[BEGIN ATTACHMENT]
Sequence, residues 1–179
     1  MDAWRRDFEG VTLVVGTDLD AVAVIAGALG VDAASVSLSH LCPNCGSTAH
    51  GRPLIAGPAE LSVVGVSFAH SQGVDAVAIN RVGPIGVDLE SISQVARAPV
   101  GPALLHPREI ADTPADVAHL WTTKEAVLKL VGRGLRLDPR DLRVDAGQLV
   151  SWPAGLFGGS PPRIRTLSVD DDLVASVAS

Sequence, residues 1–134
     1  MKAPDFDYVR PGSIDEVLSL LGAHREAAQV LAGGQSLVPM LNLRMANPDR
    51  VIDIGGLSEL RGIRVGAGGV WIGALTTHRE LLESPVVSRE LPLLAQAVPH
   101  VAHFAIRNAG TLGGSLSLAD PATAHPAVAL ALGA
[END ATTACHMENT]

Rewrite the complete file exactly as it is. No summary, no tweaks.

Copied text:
Sequence, residues 1–179
     1  MDAWRRDFEG VTLVVGTDLD AVAVIAGALG VDAASVSLSH LCPNCGSTAH
    51  GRPLIAGPAE LSVVGVSFAH SQGVDAVAIN RVGPIGVDLE SISQVARAPV
   101  GPALLHPREI ADTPADVAHL WTTKEAVLKL VGRGLRLDPR DLRVDAGQLV
   151  SWPAGLFGGS PPRIRTLSVD DDLVASVAS

Sequence, residues 1–134
     1  MKAPDFDYVR PGSIDEVLSL LGAHREAAQV LAGGQSLVPM LNLRMANPDR
    51  VIDIGGLSEL RGIRVGAGGV WIGALTTHRE LLESPVVSRE LPLLAQAVPH
   101  VAHFAIRNAG TLGGSLSLAD PATAHPAVAL ALGA